Simulation-based Programs for Nursing Students
In this paper, we tested the over-arching hypothesis that progressive self- guided learning offers equivalent learning benefit vs. proficiency-based training while limiting the need to set proficiency standards.
The purpose of this pilot study was to determine if simulation using standardized patients (SPs) improved the students’ level of confidence in their assessment and communication skills before entering the maternal-newborn clinical setting.
A pre-test post-test control group design was used to compare the effectiveness
of high-fidelity simulation (HFS) with traditional static mannequins as a teaching
strategy for pediatric staff nurse education.
This study was conducted to examine the effects of simulation-based education on communication skill and clinical competence in maternity nursing practicum.
There is a paucity of evidence regarding the efficacy in preparing medical–surgical nurses to respond to patients with acutely deteriorating conditions. Study aim: The aim of this study was to evaluate registered nurses' ability to respond to the deteriorating patient in clinical practice following training using immersive simulation and use of a high fidelity simulator.
A community hospital and a university recently collaborated to implement a pilot residency program for multiple disciplines utilizing patient simulation. This evaluation describes the experiences of new graduate RNs and doctors of pharmacy with the simulation-based residency program and makes recommendations for improving the program. The results were overwhelmingly supportive of the program and, more specifically, the use of simulation as an orientation technique.
This paper describes a study that measured and compared knowledge acquisition in nursing students exposed to medium or high fidelity human patient simulation manikins.
Members of nursing faculty are utilizing interactive teaching tools to improve nursing student’s clinical judgment; one method that has been found to be potentially effective is high fidelity simulation (HFS). The purpose of this time series design study was to determine whether undergraduate nursing students were able to transfer knowledge and skills learned from classroom lecture and a HFS clinical to the traditional clinical setting.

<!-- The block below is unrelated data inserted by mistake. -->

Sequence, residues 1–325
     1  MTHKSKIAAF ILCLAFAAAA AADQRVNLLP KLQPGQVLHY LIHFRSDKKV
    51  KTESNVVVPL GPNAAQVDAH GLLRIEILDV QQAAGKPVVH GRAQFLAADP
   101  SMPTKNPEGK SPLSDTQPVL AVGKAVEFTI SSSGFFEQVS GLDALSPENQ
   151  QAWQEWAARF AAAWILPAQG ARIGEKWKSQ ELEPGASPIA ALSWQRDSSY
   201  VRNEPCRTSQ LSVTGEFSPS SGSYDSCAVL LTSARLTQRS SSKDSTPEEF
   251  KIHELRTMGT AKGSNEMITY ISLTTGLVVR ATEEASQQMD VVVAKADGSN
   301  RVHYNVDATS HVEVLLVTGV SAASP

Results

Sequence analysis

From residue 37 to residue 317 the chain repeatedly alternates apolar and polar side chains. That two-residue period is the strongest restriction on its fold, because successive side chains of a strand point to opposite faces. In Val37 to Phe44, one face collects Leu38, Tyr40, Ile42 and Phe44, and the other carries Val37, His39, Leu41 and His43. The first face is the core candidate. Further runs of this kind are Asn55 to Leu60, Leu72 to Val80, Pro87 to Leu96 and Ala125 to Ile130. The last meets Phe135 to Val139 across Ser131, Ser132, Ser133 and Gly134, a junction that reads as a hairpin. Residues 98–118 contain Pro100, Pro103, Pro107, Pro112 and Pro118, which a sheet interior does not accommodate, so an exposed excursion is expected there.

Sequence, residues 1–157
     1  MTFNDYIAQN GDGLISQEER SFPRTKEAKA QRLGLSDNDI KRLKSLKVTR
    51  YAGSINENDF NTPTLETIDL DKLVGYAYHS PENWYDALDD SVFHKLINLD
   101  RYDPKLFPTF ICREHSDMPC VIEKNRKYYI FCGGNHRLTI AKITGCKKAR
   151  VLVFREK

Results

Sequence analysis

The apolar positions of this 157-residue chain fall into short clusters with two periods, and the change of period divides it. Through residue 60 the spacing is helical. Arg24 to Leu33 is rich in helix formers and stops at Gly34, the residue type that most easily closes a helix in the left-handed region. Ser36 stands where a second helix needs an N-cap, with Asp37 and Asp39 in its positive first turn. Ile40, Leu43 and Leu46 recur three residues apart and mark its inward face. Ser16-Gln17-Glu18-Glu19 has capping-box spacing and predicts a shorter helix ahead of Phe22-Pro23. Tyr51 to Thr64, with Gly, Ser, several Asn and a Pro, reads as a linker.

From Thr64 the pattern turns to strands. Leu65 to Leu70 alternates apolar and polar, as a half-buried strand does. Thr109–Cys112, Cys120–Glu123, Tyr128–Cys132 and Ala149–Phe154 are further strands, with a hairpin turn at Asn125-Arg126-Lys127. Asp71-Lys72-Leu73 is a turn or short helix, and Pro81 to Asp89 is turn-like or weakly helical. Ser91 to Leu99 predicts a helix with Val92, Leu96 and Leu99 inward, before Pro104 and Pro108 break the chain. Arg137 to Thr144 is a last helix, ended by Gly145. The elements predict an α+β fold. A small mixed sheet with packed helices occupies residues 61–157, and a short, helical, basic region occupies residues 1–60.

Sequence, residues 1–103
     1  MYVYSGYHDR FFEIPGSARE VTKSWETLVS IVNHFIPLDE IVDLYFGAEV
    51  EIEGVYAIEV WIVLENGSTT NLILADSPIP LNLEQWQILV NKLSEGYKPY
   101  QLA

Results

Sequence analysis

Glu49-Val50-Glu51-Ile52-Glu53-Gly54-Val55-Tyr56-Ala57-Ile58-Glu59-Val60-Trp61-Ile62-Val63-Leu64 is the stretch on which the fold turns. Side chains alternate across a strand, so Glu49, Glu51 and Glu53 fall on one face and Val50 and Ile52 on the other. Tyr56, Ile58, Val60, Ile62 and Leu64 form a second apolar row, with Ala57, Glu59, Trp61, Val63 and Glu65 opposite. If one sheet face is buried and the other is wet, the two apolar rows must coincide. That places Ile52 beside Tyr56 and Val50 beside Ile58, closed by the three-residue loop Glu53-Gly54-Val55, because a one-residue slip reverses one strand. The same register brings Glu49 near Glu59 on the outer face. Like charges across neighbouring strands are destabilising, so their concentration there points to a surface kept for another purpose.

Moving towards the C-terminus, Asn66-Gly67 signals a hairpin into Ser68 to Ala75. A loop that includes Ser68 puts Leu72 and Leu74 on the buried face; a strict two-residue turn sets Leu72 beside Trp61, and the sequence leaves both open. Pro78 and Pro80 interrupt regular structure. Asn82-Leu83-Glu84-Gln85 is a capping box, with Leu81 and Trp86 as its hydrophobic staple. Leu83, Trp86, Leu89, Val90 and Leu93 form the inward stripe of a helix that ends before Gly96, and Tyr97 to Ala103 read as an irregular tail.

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This retrospective study examined the effectiveness of high-fidelity simulation (HFS) in a senior maternity baccalaureate nursing program. The study specifically focused on whether students who received instruction through HFS in addition to traditional hospital-based clinical instruction achieved greater practical learning, critical thinking skills, and NCLEX performance potential.
The National Council of State Boards of Nursing (NCSBN) recently released the results of a landmark, national, multi-site, longitudinal, randomized controlled trial exploring the role and outcomes of simulation in pre-licensure clinical nursing education in the United States. Conclusions from this study state that there is substantial evidence that simulation can be substituted for up to 50 percent of traditional clinical experiences under conditions comparable to those described in the study.
This novel nurse residency program extensively used human patient simulation to assist recent nurse graduates in becoming safe and competent clinicians.
This descriptive survey evaluates the role of medium to high fidelity simulation in the preparation for clinical nursing practice, from the perception of third year undergraduate students.
This paper is a report of a review of the quantitative evidence for medium to high fidelity simulation using manikins in nursing, in comparison to other educational strategies.
For more than a decade, the NLN has promoted simulation as a teaching methodology to prepare nurses for practice across the continuum of care in today’s complex health care environment.
Simulation Innovation Resource Center, National League for Nursing
Standards of best practice, International Nursing Association for Clinical Simulation and Learning
Society for Simulation in Healthcare
University of Washington
Agency for Healthcare Research & Quality, Team Strategies and Tools to Enhance Performance and Patient Safety (TeamSTEPPS)
Hudson, Scott. (n.d.) Key questions for developing an effective simulation program.
Jeffries, P. R. (2005). A framework for designing, implementing, and evaluating simulations used as teaching strategies in nursing. Nursing Education Perspectives, 26(2): 96-103.
Cant, R.P. and Cooper, S.J. (2010). Simulation-based learning in nurse education: systematic review. Journal of Advanced Nursing, 66 (1): 3-15.
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